3. Uncut Gems (Dir: Benny & Josh Safdie, A24/Netflix) – Available on Netflix
Adam Sandler once again proves that he is more than just the Happy Madison guy with yet another performance which demonstrates his considerable acting chops. The Sandman is at the eye of the storm that makes up the anxiety inducing experience that is Uncut Gems. The character of New York diamond dealer and gambling addict Howard Ratner is a perfect fit for his high energy style, lacing sleazy charm over the proceedings as Howard gets himself into deep trouble as he heads down a money lending and betting rabbit hole. The Safdie’s establish such an intense atmosphere, but it is something that you just can’t pull yourself away from. They wrap you up in the frantic New York streets, giving their actors the space to riff and form natural rhythms, all while Daniel Lopatin’s hypnotic score ensures you’re kept roped in. An acquired taste, but once Howard and The Sandman have got you in their grasp, it is hard to wrestle out of it. Palpable and enthralling.
2. David Byrne’s American Utopia (Dir: Spike Lee, Dogwoof/Universal Pictures) – Available to rent or buy on demand from most online stores
Here’s that other Spike Lee joint I was talking about. A wonderful collaboration between Lee and David Byrne, this brings the former Talking Heads frontman’s Broadway show to your screens in an exhilarating fashion. This is an experience which feels like it came around at exactly the right time. It is a sheer joy from start to finish, bringing some of Byrne’s finest songs to energetic life. It is all weaved around the theme of communication and a rallying cry for everyone to do better by each other, asking us all to tap into that channel of empathy that we may sometimes take for granted. Lee very much puts his own stamp on the proceedings, getting behind the message for America (and the world) to start making sense of the chaos that has hit a boiling point in recent years. That, and it also includes some incredible musicians having the absolute time of their lives. The spirit of creativity and sheer joyful expression in their performances is incredibly infectious, making this an experience I’ve had this year that I can’t wait to go on again and again. Tap your toes over to a full review here for THN.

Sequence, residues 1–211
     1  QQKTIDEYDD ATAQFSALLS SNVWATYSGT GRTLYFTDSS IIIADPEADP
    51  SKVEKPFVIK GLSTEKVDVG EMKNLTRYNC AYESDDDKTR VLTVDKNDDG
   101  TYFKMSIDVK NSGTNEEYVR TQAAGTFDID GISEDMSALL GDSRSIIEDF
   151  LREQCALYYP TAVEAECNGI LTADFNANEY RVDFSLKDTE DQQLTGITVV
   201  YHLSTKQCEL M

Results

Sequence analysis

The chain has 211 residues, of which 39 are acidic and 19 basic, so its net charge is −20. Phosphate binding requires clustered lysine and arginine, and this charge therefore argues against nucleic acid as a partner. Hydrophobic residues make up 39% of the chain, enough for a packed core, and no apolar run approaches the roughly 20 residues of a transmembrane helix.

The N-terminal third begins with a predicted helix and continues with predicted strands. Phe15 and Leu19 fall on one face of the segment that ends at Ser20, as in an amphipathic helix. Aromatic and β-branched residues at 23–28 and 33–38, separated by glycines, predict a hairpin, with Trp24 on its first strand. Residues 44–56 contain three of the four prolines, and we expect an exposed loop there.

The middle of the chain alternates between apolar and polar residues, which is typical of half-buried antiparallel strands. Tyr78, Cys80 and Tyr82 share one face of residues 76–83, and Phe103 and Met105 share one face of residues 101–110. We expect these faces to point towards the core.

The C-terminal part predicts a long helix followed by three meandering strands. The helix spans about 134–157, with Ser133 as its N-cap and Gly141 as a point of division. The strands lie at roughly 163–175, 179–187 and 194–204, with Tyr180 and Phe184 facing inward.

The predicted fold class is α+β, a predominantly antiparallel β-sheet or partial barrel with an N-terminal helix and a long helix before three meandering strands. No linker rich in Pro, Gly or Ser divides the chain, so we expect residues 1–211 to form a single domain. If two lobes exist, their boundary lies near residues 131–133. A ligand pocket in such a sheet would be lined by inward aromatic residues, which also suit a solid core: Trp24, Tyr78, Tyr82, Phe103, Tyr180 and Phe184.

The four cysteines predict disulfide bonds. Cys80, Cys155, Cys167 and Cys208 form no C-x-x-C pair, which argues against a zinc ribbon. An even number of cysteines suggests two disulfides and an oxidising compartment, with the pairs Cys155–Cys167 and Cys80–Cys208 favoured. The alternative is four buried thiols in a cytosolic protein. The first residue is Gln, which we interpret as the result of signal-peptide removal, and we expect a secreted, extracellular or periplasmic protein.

1. Portrait of a Lady on Fire (Dir: Céline Sciamma, Curzon Artificial Eye) – Available on Mubi
The film this year that I (and many friends) have not been able to stop gushing about from very early in the year. It has maintained the top spot on this list for effectively the whole year, and that is because it set the bar incredibly high. Céline Sciamma’s tale of love burgeoning between two women on an isolated island in Brittany quite aptly is a painterly masterpiece, filled with bold colours, stormy shores and intimate moments of connection. So many frames make your heart stop and your film-loving soul swoon with deep affection and appreciation. Noémie Merlant and Adèle Haenel as the two lovers who embrace the limited time that they have together are beautifully matched, allowing emotion to share the frame with the precise compositions. It is a film that makes you yearn for connection and appreciate those moments that you have with someone that you care for beyond all manner of expression. A truly gorgeous piece of cinema that makes you so happy to have films of its kind out in the world to call upon, something that we have surely all come to appreciate in this year of all years. Here’s one last full review for you over at Filmhounds Magazine.
There we have it. A cinematic year that wasn’t quite so literally cinematic, but one filled with some beautiful, exhilarating and inspiring pieces of work all the same. We’ll hopefully all be able to go to the cinema together again sometime soon, but for now we can simply appreciate the fact that there will always be a rich wealth of films out there to help us get away from it all, or even examine it all, when we feel the need to take a breath and step into a story. Here’s to the New Year;. Take care, look after each other, and happy watching.